Eel Pie Marine Centre & Eel Pie Boatyardby Michele Whitby (June 2009)
It was around 1988 when I came across Eel Pie Marine Centre. I was not long out of college and wondering where three years of studying photography were going to take me. A couple of friends had just moved into a workshop space in the boatyard so I went to visit them.
Up until this point, despite growing up in the area, Eel Pie Island was just a place which featured vaguely in my head as part of the riverside vista; I had never ventured over the bridge before and certainly had no idea of its captivating history.
As a 21 year old, still full of the 'I can do anything' exuberance of youth, Eel Pie Marine Centre looked fantastic - and indeed it was; an intriguing mish-mash of boats, boathouses, dry docks, slipways and sheds; and that was just the structure. The eclectic bunch of boaties and artists occupying this place were even more haphazard. Eel Pie Marine Centre was set up by possibly the oddest of the bunch, Henry Gastall. A man of dubious dentistry, big glasses and extremely filthy feet complete with webbed toes, Henry acquired the yard in the mid 1980s with the aim of creating "little spaces for people to work in alongside the boatyard activities."
My first studio space was a section of attic above the boatyard, also occupied by a stone-carver, a painter, a sculptor and hundreds of huge spiders. I didn't mind the spiders, but it soon became apparent that this was not the space for any sort of photographic endeavours. Extremes of temperature and dodgy ladders weren't really conducive. I soon moved to a downstairs space with a couple of other photographers and have as many memories of doing the place up as actually working in it. What was basically a brick shell topped by a tin roof eventually became a usable darkroom and studio space.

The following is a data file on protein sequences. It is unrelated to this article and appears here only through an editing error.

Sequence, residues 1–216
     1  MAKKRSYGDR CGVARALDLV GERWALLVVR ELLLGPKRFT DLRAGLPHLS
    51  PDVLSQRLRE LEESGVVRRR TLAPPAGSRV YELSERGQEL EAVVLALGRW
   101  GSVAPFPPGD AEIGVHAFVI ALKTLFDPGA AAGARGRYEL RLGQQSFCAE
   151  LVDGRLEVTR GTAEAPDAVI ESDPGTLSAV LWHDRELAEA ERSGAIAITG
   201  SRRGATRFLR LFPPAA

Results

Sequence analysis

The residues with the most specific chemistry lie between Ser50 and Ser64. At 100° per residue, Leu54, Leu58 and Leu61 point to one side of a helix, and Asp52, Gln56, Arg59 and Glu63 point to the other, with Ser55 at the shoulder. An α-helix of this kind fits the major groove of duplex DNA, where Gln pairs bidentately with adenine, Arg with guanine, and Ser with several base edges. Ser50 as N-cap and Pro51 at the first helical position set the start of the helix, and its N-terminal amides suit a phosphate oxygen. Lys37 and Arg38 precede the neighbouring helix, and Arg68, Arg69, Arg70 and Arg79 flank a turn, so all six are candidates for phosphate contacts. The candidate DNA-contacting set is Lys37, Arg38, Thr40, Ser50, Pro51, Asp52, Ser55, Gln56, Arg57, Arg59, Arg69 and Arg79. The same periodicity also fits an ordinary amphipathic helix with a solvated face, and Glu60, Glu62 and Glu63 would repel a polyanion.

I once heard somebody describe E.P.M.C as 'the devils' playground', to which Henry replied in his Aussie twanged drawl "No, it's an adventure playground for adults". To a large extent it was; in pursuit of the perfect studio I learnt to lay a wooden floor (using boards Henry had procured from legendary venue, The Clarendon in Hammersmith), installed a heating system consisting of a wood burner and some spirally greenhouse radiators and added to my skills a bit of bricklaying and wiring. Henry provided the materials and some instruction and you just got on with it. It was great. There was room to grow there.
Over the years the boatyard evolved to a sizable complex of studios and workshops, and complex it was - like a maze; doors here, stairs there, all sorts of odd folk tucked away in nooks and crannies working on this that and the other. The mixture of people that came and went, or came and stayed was fantastic - from eccentric toffs to the criminally insane with everything else in between. It was aptly described by my friend, graphic designer Guy Campbell as 'An oasis of chaos in a desert of suburban calm.' Somewhat like Arthur Chisnall before him, although apparently unaware of Arthur's legacy, Henry Gastall sought to create a nurturing environment, particularly to people who needed a step-up in life. He employed the disabled and disadvantaged and provided the means for people to improve their surroundings and themselves.